During a C-section, the doctor makes an incision into the skin, through the fat cells and connective tissue, and into the abdominal cavity. The abdominal muscles are spread apart, and the bladder is moved down and out of the way in order to reach the uterus. An incision is made into the uterus, and the baby is guided out. The placenta is taken out shortly after. The uterus is stitched up, the bladder put back in place, and the skin is sutured. Due to the many layers of sutures, scar tissue will form.

Initial recommendations for the first six weeks post C-section:

1. Get Plenty of Rest.

Rest is vital for recovery from any surgery, yet for many new parents, rest is nearly impossible with a newborn in the home. Newborns keep irregular hours and may sleep for only one or two hours at a time.

People should always try to sleep when the baby sleeps or take a nap while a loved one helps.

It is easy to feel overwhelmed by chores or to want to entertain visitors, but giving up sleep to put away dishes or keep the house clean

can be damaging to someone’s health. It is more sensible to try to sleep as much as possible.

2. Ask for Help.

Newborns are demanding. Caring for a baby after major surgery can be exhausting, and it is not possible for all new parents to manage this alone. Ask for help from a partner, a neighbor, family, or a trusted friend.

People may benefit from lining up a meal train or a schedule of visitors who can watch the baby while they rest or take a shower.

3. Process Your Emotions.

Giving birth can be an emotional time. Women who experience emergency deliveries or traumatic births, as well as those who have cesarean deliveries they hoped to avoid, may have to process difficult emotions about the birth. These new feelings can make the transition to parenthood more difficult than it is for others, and they can trigger new feelings.

Talk to a partner, friend, or therapist. Getting early support may help reduce the risk of postpartum depression and can help women experiencing postpartum depression get quicker treatment. Movement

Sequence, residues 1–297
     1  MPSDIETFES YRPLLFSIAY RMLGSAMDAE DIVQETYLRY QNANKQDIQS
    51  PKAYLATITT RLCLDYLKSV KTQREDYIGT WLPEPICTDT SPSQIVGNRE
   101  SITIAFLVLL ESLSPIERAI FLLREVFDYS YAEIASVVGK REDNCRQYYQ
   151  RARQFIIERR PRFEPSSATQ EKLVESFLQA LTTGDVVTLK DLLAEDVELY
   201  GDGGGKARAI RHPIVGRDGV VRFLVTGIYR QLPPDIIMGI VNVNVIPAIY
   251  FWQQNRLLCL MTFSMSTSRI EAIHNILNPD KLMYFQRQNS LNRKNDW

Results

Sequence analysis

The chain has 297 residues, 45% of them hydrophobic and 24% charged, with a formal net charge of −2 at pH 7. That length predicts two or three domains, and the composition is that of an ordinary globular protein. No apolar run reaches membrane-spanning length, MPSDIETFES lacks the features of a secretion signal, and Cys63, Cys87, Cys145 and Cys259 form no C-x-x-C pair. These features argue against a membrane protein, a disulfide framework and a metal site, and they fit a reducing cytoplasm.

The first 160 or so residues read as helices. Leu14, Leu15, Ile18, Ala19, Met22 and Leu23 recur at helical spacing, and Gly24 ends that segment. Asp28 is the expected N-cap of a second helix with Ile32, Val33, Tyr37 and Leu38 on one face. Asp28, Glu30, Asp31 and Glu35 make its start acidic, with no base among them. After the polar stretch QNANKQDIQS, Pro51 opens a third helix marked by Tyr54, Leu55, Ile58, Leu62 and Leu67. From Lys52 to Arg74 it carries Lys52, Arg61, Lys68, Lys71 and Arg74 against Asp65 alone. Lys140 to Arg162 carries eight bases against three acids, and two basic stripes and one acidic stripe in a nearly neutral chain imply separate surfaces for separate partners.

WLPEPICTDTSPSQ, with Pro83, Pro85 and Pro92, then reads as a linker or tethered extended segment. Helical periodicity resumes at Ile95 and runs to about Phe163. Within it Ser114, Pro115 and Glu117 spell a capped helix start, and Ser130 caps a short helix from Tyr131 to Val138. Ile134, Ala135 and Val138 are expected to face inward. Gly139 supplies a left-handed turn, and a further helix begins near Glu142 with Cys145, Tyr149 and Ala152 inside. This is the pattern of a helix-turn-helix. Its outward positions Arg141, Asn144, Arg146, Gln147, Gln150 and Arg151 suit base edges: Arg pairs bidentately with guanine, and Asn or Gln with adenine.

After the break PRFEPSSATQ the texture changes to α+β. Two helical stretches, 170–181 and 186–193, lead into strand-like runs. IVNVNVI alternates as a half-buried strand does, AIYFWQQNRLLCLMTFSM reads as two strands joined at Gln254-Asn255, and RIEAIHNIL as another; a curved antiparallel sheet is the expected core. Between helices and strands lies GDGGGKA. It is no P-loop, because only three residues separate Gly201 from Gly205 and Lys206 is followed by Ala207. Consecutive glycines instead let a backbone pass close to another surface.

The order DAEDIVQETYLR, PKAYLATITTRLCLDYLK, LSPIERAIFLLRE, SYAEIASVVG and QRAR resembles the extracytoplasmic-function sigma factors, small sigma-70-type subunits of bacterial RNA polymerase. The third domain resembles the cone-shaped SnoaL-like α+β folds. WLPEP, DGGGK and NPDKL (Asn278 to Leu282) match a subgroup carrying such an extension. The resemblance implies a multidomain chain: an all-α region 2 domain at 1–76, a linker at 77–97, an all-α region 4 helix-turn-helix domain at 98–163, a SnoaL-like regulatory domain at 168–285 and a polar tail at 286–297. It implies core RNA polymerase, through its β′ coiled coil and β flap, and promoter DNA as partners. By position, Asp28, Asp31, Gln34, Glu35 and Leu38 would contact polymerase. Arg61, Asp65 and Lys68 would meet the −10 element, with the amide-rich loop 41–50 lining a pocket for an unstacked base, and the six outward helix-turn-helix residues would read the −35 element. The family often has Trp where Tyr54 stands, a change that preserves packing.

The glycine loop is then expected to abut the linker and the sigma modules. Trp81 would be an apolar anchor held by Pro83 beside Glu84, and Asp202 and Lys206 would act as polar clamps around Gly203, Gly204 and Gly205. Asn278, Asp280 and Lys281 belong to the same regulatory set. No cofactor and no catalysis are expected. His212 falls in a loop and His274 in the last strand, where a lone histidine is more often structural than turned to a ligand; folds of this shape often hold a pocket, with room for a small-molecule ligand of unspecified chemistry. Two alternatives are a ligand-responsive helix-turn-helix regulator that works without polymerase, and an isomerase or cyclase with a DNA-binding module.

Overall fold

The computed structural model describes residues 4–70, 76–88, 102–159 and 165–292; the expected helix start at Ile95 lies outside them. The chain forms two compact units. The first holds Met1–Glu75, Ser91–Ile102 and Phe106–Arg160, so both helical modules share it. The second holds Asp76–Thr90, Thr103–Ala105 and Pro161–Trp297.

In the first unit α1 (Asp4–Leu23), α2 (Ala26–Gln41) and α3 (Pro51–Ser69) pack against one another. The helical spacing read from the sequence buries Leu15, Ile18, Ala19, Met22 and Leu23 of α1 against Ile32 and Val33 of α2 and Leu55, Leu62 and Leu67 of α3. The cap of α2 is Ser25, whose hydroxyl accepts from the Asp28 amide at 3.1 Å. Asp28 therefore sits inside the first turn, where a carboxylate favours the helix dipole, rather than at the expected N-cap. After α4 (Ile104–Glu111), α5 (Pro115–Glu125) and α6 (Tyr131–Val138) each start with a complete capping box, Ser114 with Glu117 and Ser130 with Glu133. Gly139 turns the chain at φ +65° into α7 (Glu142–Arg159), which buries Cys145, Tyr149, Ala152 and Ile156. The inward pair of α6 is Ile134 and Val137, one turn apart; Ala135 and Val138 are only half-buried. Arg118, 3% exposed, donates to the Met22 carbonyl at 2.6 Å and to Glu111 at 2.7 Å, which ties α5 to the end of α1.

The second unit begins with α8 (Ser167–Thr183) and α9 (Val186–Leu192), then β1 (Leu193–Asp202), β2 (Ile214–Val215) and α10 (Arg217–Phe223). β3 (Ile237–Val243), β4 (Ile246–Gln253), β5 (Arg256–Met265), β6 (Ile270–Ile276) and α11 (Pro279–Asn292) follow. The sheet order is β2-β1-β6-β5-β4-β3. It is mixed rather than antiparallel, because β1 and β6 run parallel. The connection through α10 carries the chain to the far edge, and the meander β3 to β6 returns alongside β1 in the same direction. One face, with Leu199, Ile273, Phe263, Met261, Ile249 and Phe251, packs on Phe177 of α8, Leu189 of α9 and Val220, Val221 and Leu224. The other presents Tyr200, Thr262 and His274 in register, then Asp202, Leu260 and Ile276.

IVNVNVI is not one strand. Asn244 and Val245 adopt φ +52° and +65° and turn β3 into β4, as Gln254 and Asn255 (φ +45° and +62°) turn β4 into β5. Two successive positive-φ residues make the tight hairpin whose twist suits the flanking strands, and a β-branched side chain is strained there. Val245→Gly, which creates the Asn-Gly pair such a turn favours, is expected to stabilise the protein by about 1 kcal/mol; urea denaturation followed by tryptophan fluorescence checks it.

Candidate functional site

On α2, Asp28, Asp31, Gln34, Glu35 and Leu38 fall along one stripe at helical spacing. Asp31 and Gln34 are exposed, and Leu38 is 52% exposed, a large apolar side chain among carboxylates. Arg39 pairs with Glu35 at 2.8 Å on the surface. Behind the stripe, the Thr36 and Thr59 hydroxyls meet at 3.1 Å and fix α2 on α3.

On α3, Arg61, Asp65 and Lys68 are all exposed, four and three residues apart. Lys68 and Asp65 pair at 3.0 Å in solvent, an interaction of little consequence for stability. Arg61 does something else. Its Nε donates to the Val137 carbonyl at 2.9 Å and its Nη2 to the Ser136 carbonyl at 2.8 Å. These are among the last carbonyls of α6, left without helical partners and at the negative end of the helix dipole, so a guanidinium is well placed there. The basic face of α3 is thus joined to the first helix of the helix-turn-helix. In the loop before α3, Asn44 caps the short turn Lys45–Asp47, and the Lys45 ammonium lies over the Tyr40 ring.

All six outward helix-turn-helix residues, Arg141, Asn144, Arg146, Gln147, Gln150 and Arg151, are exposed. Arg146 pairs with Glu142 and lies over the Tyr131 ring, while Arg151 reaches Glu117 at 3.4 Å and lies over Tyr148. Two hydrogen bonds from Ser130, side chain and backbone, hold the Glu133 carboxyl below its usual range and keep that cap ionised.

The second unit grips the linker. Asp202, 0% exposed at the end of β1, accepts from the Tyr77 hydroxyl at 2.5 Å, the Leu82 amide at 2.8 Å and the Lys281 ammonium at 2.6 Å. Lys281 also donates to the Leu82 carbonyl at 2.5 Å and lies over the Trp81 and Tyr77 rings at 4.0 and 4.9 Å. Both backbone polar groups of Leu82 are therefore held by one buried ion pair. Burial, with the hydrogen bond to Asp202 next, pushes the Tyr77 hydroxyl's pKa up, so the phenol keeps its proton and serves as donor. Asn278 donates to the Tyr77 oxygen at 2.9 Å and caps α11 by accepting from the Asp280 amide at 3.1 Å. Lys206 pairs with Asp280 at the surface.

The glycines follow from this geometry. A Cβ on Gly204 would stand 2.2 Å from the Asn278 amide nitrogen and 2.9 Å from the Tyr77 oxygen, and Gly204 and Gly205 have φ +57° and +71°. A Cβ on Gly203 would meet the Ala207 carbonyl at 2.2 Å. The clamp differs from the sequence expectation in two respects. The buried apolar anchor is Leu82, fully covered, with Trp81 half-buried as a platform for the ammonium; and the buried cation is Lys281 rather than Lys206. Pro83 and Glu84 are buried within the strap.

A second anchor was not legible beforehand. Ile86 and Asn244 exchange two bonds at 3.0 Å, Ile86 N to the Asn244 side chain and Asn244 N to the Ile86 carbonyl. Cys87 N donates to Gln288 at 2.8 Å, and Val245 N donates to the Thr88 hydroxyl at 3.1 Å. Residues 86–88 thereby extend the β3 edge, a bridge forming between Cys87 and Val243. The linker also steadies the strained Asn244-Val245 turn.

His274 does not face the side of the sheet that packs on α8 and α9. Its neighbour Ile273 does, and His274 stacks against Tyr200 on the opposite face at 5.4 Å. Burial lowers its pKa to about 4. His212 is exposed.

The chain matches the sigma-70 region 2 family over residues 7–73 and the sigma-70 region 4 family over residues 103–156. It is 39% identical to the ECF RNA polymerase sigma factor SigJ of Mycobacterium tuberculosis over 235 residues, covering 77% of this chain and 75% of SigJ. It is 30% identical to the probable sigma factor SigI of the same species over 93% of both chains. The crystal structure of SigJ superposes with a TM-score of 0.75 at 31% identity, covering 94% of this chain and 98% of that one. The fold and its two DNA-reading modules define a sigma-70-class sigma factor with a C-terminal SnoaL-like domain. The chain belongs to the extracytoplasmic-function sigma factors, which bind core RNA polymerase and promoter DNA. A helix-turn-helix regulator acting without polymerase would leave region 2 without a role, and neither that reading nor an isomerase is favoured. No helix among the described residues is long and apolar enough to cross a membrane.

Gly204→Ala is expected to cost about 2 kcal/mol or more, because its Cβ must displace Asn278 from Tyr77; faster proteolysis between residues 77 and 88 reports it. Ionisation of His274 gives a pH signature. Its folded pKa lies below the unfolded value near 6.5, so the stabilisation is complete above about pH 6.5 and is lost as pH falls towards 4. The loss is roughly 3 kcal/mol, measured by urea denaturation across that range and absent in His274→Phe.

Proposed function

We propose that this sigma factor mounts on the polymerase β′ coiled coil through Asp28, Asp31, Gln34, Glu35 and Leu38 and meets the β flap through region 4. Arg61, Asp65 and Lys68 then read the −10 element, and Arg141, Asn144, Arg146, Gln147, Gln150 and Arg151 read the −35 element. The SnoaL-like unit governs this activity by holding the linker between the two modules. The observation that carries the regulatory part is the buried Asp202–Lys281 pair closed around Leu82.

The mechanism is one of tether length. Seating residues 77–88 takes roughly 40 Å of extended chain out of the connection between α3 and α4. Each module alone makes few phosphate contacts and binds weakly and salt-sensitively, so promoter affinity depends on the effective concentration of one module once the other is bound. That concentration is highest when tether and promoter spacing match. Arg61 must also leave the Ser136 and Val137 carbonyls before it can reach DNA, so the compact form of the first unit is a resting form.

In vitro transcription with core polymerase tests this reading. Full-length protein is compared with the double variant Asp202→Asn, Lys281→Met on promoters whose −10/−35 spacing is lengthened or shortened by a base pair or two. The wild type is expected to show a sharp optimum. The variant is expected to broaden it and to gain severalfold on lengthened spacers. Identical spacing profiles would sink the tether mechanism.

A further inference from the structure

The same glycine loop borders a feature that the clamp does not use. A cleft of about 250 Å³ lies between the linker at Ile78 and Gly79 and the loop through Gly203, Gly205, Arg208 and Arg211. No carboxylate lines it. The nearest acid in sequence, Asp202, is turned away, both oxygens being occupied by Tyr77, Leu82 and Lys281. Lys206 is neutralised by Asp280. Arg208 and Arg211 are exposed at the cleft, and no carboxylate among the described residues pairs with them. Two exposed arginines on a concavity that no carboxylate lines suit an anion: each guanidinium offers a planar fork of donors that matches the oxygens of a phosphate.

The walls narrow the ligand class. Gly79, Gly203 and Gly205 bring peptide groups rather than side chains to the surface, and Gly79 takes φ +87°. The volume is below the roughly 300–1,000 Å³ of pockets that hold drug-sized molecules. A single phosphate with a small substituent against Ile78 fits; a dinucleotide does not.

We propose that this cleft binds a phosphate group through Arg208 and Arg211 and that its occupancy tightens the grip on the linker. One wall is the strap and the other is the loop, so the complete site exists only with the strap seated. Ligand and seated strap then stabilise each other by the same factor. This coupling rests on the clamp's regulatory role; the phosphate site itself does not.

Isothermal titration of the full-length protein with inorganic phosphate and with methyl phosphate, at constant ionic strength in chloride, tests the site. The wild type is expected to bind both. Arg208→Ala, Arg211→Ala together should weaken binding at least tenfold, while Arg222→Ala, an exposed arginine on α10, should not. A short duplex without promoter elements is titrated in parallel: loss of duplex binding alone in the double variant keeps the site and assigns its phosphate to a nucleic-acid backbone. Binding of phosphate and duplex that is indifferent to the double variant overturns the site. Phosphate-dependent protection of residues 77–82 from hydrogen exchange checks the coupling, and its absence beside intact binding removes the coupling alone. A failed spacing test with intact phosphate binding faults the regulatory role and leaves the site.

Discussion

and walking, while getting outside, can be a huge help for your emotional wellbeing (see #4).

4. Take Regular Walks.

Lifting and intense aerobic exercise are out for the first few weeks of recovery. As an alternative, walking can help with staying fit and maintaining good mental health.

Taking a walk also reduces the risk of blood clots and other heart or blood vessel issues. Some new parents like walking with other new parents as part of a group, or they prefer meeting up with a neighbor to push their babies in their strollers.

5. Manage Pain.

There is no need to be in pain while struggling with all the other demands of new parenting; people must take the pain relievers prescribed by their doctor. If they do not work or if the pain gets worse, they should contact a health care provider for advice.

6. Watch for Signs of Infection.

Some doctors will ask new parents to take their own temperature every 24 hours to monitor for signs of infection. You can consult with your doctor or midwife to ask if this is a good strategy.

Also, new mothers must be mindful of other signs of infection, such as swelling, intense pain, red streaks coming from the incision, or chills. Contact a doctor or go to the emergency room if these symptoms appear.

7. Fight Constipation.

The combination of hormonal shifts, weaker stomach muscles, and spending large quantities of time lying down can lead to constipation, so you want to move. Severe constipation can be painful, and straining can injure the C-section incision.

Drink plenty of water, and ask a doctor about taking a stool softener. Eating plenty of fiber-rich foods, such as fruit and vegetables, can help to prevent constipation.

8. Get Support for Breastfeeding.

Having a C-section is linked to a higher risk of breastfeeding difficulties. A lactation consultant can help new parents successfully breastfeed, even when they face obstacles, such as separation from the baby after birth. If breastfeeding is not going well, mothers should ask for help.

If a new parent is in pain, sitting in a comfortable, supportive chair and using a breastfeeding cushion, or nursing in a laid-back, reclining position can make breastfeeding easier.

9. Seek Help for Long-Term Issues.

Here’s where all women should seek out help from a specialized pelvic floor PT post C-section. It is very common to experience muscle weakness, incontinence, or depression, and mothers should not feel ashamed if they have these symptoms; nor is there any need to suffer in silence. Referring you to a practitioner who can help guide you through this process is hugely important.

If symptoms continue after the final postpartum appointment, you should contact a doctor or midwife which will help receive a referral to a specialist or be offered tips for resolving symptoms at home.

You can learn many strategies for recovering from childbirth by seeing a pelvic floor PT; hearing about these strategies after your OB/GYN checkup should be a normal occurrence, but they are not always suggested. You can receive guidance on the appropriate transitioning to exercise, reducing bowel and pelvic floor over activity, and improving scar tissue mobility to prevent further pain/difficulty with abdominal healing.

For more info or support please visit: level4pt.com/womens-health/

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Dawn Andalon, DPT, MTC, CPI